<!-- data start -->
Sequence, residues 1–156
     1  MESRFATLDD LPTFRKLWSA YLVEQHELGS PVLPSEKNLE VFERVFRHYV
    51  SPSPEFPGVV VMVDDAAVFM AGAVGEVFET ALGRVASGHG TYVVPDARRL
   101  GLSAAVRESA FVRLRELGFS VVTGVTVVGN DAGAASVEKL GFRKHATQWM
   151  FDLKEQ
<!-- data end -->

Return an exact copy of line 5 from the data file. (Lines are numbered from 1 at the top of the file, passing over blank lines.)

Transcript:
   151  FDLKEQ